Here’s Why Everyone Loves Prickly Pear Seed Oil

Have you ever heard of prickly pear seed oil? It’s time you should!

Prickly pear is a type of cactus. And the oil made from its seeds is light, moisturizing and amazing. Let’s learn more about prickly pear seed oil (also called cactus seed oil or Barbary fig seed oil).

Prickly pear seed oil

Properties of Prickly Pear Seed Oil


There are so many names for prickly pear. Some call it Barbary fig. Others call it cactus pear or Indian fig.

Either way the botanical name for this plant is Opuntia ficus-indica. So be sure to check for this name when buying the oil.

Color & Smell

Prickly pear seed oil ranges in color from clear to yellow to light green.

Since the oil is cold-pressed, it has a light, nutty smell. Some say prickly pear seed oil even smells like regular vegetable oil… At least it is not super strong like wheat germ oil.


If you apply a thin layer of this oil to your skin, it will probably absorb in less than half an hour. The oil is really nice and light and does not leave you feeling greasy.

The comedogenic rating of prickly pear seed oil is 0 out of 5. That means it should not cause acne, even if you have acne prone skin. That’s pretty awesome!

What is in prickly pear oil?

The oil’s low comedogenic rating is due to its high linoleic acid content. Linoleic acid can make up about 55% to 65% of the oil.

That means prickly pear seed oil is a bit like safflower, evening primrose, grapeseed, sunflower and watermelon seed oils. These oils all have high levels of linoleic acid.

Prickly pear oil also contains other fatty acids. Oleic acid can make up 20-30% of the oil and palmitic acid can be 10-14% of the oil. Low levels of stearic and myristic acids have also been reported.

But that’s not all.

The oil contains high amounts of gamma- and alpha-tocopherol. You know these compounds as Vitamin E. The oil also has decent levels of Vitamin K1 and beta-carotene, the precursor to Vitamin A. These vitamins are all excellent antioxidants.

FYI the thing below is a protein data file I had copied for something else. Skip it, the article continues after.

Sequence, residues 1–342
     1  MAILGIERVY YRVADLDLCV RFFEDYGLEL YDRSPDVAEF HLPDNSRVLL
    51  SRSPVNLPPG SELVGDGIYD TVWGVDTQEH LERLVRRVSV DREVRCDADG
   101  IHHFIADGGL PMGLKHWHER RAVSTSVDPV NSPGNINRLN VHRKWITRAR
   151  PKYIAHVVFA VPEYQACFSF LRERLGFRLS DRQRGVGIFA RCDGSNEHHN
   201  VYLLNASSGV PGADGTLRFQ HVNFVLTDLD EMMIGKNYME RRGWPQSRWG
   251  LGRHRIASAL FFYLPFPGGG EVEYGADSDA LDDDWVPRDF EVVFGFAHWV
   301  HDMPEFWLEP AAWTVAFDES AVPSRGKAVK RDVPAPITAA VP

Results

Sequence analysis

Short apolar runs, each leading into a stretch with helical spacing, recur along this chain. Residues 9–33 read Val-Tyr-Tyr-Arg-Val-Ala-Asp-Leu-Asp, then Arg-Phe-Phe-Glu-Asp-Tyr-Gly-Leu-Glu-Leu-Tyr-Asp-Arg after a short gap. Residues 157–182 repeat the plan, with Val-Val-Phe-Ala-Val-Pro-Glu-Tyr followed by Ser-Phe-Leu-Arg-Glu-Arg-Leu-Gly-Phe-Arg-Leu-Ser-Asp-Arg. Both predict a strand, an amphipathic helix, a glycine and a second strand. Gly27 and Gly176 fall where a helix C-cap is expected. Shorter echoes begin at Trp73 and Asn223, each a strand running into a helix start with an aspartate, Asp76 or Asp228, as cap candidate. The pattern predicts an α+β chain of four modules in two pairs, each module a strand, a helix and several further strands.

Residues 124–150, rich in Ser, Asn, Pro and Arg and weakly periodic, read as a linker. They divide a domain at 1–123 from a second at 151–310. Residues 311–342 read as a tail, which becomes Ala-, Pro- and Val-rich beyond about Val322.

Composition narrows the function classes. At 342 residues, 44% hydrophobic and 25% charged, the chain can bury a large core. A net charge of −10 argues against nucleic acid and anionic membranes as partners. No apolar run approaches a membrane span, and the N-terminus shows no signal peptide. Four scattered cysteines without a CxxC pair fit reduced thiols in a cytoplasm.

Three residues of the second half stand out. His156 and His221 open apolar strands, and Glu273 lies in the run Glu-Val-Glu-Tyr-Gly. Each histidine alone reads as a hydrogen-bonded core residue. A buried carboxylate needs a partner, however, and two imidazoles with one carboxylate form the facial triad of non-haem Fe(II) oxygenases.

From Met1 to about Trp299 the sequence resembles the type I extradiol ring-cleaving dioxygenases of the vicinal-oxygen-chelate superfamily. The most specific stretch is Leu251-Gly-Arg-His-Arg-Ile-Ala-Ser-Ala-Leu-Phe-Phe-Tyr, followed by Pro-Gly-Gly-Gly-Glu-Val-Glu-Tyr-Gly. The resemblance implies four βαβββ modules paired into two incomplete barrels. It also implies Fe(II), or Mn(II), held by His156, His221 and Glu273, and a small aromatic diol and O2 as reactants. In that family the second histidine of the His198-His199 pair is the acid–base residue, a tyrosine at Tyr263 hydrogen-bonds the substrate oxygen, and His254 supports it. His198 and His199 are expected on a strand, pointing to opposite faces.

The oil also has high levels of sterols like beta-sitosterol, campesterol, and stigmasterol (according to this 2003 study).

Prickly Pear Oil Benefits

There is not much research on prickly pear seed oil benefits. So unfortunate!

wound healing banner

There is one animal study published in 2016 that looked at the wound healing benefits of prickly pear oil. The study found the oil made burns and wounds heal faster. And the oil boosted collagen levels close to the wound.

Collagen is what keeps the skin strong and elastic. So you can use prickly pear seed oil for skin. It may keep your skin firm, strong, and beautiful!

There is another study on Pubmed that explored the in vitro antioxidant power of the oil in mice. The study showed the oil was antioxidant. But it also involved feeding the oil to the mice. So I can’t say if the oil is antioxidant when used on your skin.

But there is a lot of anecdotal evidence for prickly pear seed oil.

Quite a few redditors have shared their love for the oil like user, vespria. She posted:

So… after using prickly pear seed oil as a moisturizer, my skin felt brand new. It absorbed super fast, and didn’t sit on my skin or feel oily. My flakes were totally gone. My redness all but disappeared. Pimples almost never happened, and my face felt so soft and hydrated, all after 1 week. It stayed that way until I ran out. I just ordered 4 bottles. 🙂

She’s not the only one that loves the oil.

Reviewers on sites like Amazon say they used prickly pear seed oil for skin. They found the oil reduced wrinkles around the eyes and lips. Many also found the oil prevented breakouts and made their skin glow.

Who doesn’t want glowing skin?

Hopefully, we can get actual studies to back up the benefits of prickly pear seed oil. When that happens, I’ll definitely update this section.

Where to buy prickly pear seed oil
This oil is a little hard to find. But here are a few brands you can try:

The high linoleic acid levels in the oil makes it very stable. So it can last for a year or more. But don’t forget to always store your oils in a cool place and away from sunlight. Doing this will keep your oil from going bad too soon.

Prickly Pear Seed Oil Uses

Be sure to patch test before using this oil to make sure you are not sensitive to it.

If you are not, then you can use this oil:

  • For oil cleansing:
    Prickly pear oil is so light, it is perfect for oil cleansing.

  • For dark circles under your eyes:
    Dab a little of the oil around your eyes. Massage it in gently and watch your dark circles lighten. But don’t get the oil in your eyes. It can burn.

  • For wrinkles:
    Dab a little of the oil around the corners of your eyes and around your lips. The Vitamin E compounds and fatty acids help your skin stay soft, plump, and wrinkle-free.

  • For massages:
    Prickly pear oil may be a little too ‘dry’ for massage blends. But if you have oily skin, you’ll love it. Mix in your favorite essential oils too like lavender or tea tree and watch your skin glow. If you have dry skin, you can mix this oil with a heavier one like argan or avocado oil.

    Have fun using your prickly pear seed oil. You won’t regret it!

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